If you’re fortunate enough to have a few star employees, then you know what a loss it would be if they were to leave. Valuable team members are engaged, enthusiastic, and committed to their work. They care about your mission and take ownership of their roles.
These kinds of employees are hard to come by. In fact, according to research done by Gallup over the last 17 years, only 30 percent of U.S. workers are considered engaged in their jobs. So, what about the remaining 70 percent of employees?
Well, roughly 50 percent of employees do the minimum required, with very little extra effort. The most common employee is the one who shows up, watches the clock, and does the minimum before clocking out.
If you’re still curious about the remaining 17 to 20 percent, well, they’re referred to as “actively disengaged.” This group just kinda floats along barely doing the minimum, and they could be working for you now.
That 30 percent is highly sought after, and could potentially be dragged down by disengaged employees or look for other work. It used to be that people stayed with their company for decades, but now people are more easily tempted to jump ship for better opportunities.
The most effective ways of keeping employees from leaving:
So how do you keep your best employees? The research based around Fortune’s “100 Best Companies to Work For” provides insight into the strategies used to keep happy employees while meeting their bottom line. Great Place to Work broke it down into 3 main criteria: a lot of trust, sense of purpose, and a focus on developing all employees. Sounds like a win-win for everyone.
Michael C. Bush, CEO of Great Place to Work, recently said:
“The new, largely uncharted business territory is about developing every ounce of human potential so that organizations can reach their full potential. All companies–including the “Best Workplaces”–face the challenge of creating an outstanding culture for everyone, no matter who they are or what they do for the organization.
A common theme in these “Best Workplaces” is they provide employees with the freedom to make decisions and an opportunity to keep growing. As humans, we desire growth and some amount of control.”
Based on that information, here are 10 tips to keeping your most valuable employees:
1. Engage their entrepreneurial interests
Many great employees have entrepreneurial spirits. Find a way of giving them freedom in and ownership of their work. When you do, they’re likely to perform at a higher level.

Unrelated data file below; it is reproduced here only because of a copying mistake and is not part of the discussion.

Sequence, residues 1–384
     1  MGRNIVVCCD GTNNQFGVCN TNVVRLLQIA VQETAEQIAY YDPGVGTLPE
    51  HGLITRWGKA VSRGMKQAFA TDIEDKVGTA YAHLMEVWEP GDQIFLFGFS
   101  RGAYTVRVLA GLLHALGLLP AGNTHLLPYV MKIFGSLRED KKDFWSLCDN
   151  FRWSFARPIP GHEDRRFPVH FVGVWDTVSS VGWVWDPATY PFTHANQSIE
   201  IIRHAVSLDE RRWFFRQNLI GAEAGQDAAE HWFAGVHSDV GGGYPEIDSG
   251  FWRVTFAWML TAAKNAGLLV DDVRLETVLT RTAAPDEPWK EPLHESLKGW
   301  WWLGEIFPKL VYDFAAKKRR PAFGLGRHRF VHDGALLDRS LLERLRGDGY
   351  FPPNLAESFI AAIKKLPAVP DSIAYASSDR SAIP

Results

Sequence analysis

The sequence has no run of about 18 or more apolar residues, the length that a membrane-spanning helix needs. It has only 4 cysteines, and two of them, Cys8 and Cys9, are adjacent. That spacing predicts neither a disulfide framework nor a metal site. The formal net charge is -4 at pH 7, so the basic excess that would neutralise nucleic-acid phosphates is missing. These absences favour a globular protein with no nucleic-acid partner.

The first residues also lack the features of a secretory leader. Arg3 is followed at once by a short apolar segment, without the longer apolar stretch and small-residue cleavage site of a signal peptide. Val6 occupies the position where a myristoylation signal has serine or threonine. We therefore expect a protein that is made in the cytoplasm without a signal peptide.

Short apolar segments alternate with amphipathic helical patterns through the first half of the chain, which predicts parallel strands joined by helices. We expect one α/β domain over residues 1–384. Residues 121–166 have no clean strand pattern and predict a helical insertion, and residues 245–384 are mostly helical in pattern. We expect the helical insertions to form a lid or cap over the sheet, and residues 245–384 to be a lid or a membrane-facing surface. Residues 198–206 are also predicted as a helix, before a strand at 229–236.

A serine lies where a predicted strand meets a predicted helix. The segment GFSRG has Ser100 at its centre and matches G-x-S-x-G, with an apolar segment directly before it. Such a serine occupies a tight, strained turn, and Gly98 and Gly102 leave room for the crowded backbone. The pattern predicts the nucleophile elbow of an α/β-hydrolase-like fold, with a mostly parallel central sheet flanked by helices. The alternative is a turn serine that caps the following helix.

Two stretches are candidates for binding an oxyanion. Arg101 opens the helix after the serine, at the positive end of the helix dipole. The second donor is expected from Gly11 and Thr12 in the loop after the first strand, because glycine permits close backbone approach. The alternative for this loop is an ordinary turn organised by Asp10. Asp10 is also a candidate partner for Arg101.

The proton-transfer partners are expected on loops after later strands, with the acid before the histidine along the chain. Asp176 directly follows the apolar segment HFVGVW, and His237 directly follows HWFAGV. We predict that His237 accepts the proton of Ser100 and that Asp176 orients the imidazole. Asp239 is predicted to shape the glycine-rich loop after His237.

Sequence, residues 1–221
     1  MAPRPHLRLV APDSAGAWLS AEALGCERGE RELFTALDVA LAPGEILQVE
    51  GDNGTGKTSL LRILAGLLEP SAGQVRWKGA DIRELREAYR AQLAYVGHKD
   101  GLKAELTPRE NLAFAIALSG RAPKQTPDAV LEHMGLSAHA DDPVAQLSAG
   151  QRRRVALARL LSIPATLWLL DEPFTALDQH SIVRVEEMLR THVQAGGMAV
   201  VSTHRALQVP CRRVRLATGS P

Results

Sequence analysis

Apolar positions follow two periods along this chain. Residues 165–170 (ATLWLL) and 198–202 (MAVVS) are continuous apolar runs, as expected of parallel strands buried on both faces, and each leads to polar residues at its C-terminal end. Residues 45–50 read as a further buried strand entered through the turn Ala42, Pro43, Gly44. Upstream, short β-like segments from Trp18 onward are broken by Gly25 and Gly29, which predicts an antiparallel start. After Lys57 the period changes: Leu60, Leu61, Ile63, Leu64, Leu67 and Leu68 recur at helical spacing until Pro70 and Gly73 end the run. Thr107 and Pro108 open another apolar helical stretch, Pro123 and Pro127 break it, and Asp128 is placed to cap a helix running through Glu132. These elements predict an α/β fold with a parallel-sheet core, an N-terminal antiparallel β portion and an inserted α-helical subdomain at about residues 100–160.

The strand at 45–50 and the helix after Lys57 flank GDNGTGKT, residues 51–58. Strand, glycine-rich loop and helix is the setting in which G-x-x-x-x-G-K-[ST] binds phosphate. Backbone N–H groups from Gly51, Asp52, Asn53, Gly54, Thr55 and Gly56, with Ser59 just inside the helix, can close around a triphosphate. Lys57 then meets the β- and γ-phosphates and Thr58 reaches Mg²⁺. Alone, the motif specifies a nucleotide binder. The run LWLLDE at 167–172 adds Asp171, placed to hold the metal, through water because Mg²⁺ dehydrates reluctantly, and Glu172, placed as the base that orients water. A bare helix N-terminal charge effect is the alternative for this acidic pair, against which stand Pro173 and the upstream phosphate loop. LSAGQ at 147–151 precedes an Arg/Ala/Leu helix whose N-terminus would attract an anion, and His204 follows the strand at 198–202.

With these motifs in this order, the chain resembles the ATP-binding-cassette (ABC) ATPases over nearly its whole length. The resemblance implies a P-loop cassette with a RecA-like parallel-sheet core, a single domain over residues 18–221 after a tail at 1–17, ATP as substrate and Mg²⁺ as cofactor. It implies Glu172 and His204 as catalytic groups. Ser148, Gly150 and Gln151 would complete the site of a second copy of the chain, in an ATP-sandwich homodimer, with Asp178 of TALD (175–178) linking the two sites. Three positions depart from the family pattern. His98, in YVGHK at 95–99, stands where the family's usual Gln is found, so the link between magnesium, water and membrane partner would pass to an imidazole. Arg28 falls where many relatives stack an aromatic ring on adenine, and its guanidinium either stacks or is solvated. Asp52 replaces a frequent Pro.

2. Open communication
Be transparent as possible in your boss-employee relationships. Tell your team what’s going on in the business, what the challenges are, and how their work affects the company and customers. Give them a chance to have input and suggest ideas.
3. Help them grow
Star employees care about their work, and if they can’t progress or take on new responsibilities, eventually they will move on. Give them opportunities to learn new skills or roles in your company that help their long term goals.
4. Expose them to new responsibilities.
Don’t be afraid to stretch them with work assignments that will test their skills and expand their mind.
5. Give them the support they need
Sometimes star employees end up having to do double the work to make up the slack of other team members, which can become exhausting. Hire other “go-getters” to create a supportive team.
6. Get to know them
Get to know your employees on a more personal level. This will show that you see them more as just an employee, but as a human being.
7. Get their feedback.
Chances are, your employees are engaging in tasks that you haven’t had to do in awhile, so they’ll have valuable insight into what’s working and what isn’t. They’ll appreciate the fact that you recognize their expertise.
8. Work on your culture
Culture has a great impact in achieving your company’s mission. By strengthening the culture in your organization, your employees will more easily see the bigger picture.
9. Let your top employees train or help others.
One study revealed that workers who help others (as little as 10 to 30 minutes per day) feel more capable, confident, and useful.
10. Never stop attaching meaning and purpose to their work.
Set short- and long-term goals that your star employees will be passionate about pursuing.
In short, if your employees feel valued, respected, and are given some freedom in how they do their job, they’ll stay around much longer.